Today our Life@Elon class was about gaining a better understanding of current events in the Middle East. The class was conducted by campus minister Rev. Dr. Jan Fuller, a Yale Divinity graduate and long-time resident of the Lebanon, and Rev. Dr. Ron Shive, Senior Pastor at First Presbyterian Church of Burlington. Their concise and clear outline of the foundation and history of the Israeli / Palestinian conflict, along with a brief history of Islam, was outstanding and informative.  They ended by proposing ways Americans might become engaged to become helpful. I feel much more informed about an area critical to world peace, understanding, and coexistence.

This Thursday members of our learning community will be provided the opportunity to see and hear the famous and popular Astrophysicist Neil deGrasse Tyson.  He currently hosts a popular science television program, in addition to being a great spokesman and proponent of climate change and it's impact, which is an area of great concern and interest to me. 

I am fortunate to be part of this a great Elon University adult learning community. Elon has been important in my life, and as I approach age 67, it continues to be.  How wonderful.

Friday, March 20, 2015

The Last Man Standing

I had a good day Friday.  I attended the memorial service for friend Fred Williams, a pillar of the community and the church, who was born in 1915, 100 years ago.  The service was conducted by my wonderful pastor, Rev. Alan Sherouse, a 30-something, born in the 1980s.  Alan nailed it, knocked it out of the park. It was a wonderful worship service, a celebration of a fascinating 20th century entrepreneurial journey underpinned by devote Christian faith. It was topped off for me by having lunch with another wonderful friend who was born in 1925, 90 years ago (I had taken him to the service).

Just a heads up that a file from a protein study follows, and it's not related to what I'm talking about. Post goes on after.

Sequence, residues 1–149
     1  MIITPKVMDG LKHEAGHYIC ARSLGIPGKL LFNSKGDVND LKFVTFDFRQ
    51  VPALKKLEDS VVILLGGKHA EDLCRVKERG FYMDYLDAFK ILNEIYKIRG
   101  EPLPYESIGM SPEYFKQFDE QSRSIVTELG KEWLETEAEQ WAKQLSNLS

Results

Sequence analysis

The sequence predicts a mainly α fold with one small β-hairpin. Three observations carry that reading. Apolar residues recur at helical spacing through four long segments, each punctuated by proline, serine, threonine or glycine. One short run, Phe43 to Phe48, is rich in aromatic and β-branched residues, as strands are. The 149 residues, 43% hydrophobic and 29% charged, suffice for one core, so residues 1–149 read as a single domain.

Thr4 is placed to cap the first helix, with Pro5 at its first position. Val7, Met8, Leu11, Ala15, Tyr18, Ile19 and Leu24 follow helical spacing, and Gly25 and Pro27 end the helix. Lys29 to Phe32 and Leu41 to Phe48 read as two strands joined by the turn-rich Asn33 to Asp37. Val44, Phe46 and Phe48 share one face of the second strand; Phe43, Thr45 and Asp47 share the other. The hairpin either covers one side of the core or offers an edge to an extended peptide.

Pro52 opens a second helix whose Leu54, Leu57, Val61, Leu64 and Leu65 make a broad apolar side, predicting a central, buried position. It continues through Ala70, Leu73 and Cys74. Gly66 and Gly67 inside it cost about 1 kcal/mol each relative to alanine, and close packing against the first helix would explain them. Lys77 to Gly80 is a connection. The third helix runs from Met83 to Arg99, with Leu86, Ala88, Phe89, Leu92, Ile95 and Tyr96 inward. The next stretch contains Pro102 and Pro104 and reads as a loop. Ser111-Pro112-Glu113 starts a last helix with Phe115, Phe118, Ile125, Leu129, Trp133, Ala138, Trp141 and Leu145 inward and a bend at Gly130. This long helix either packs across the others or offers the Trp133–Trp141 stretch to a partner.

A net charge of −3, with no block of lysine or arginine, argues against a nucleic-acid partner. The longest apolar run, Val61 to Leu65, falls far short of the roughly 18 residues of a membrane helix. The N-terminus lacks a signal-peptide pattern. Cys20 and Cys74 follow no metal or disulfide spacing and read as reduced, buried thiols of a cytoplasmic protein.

The best part of the day was seeing my Uncle Warren Bass, Fred's best friend, born in 1921, 94 years ago.  In my family (among his generation), and among most of his friends, Warren is the last man standing.  He has been a rock of the family. Such an example. My day caused for such reflection, such introspection, such feelings of blessing and gratitude.

These guys grew up in difficult times, the Great Depression, World War Two, the beginnings of America's ascension.  They did so well. They did what they had to do. To be around them, to listen to them, to observe their humility, is a such blessing.  Due to 'father time', such experiences will be, at this point, short-lived. They are leaving us, literally, daily.

The friend I had lunch with, Ray Anderson, is a 1949 Georgia Tech graduate who grew up on a 25,000 acre plantation outside of Memphis.  He married a New Orleans girl 65 years ago.  He is a devote Christian, his son a pastor in Macon, he's an avid Braves and Georgia Tech fan, an industrial engineer by trade, overseer of the Triad Montenyard community for 40 years, an overall wonderful, interesting guy.

But then, there is Uncle Warren.  The last man standing.  In my family, there was, to say the least,  maverick, interesting characters in that generation, all unique, leaving mark and impression on the world and on all of us. 

But then, Warren, the last man standing. Thankfully, I'll see him and I'll visit with him Sunday, at the First Baptist Church of Greensboro.

If you have occasion to be around any pre-1925 born soul in the coming weeks, listen, observe, be grateful.  It'll make your day.

Yeap, I had a good day.

Tuesday, February 24, 2015

The 2015 APIC Dixie Chapter Meeting and Show

Saturday, March 7, is the date for the 2015 Dixie Chapter Meeting and Show of the American Political Items Collectors (APIC). It will be held in Greensboro at the Holiday Inn Airport on Burnt Poplar Rd. (I-40 and Hwy. 68)  There will be collectors and dealers in from all over the country. APIC is a non-profit organization dedicated to the preservation of material relating to political campaigns.

The show is from 8:30 to 2:00 on Saturday, March 7 (Friday evening there will be room hopping and a hospitality suite; all are invited). Admission Saturday is $3.00. Above is some of my collection which will be on display. 

Like many others, I will be set-up and will be showing, trading, buying, and selling. Please come out if you have interest. It is a blast. Bring any items you may wish to have appraised by the nation's top dealers at no charge.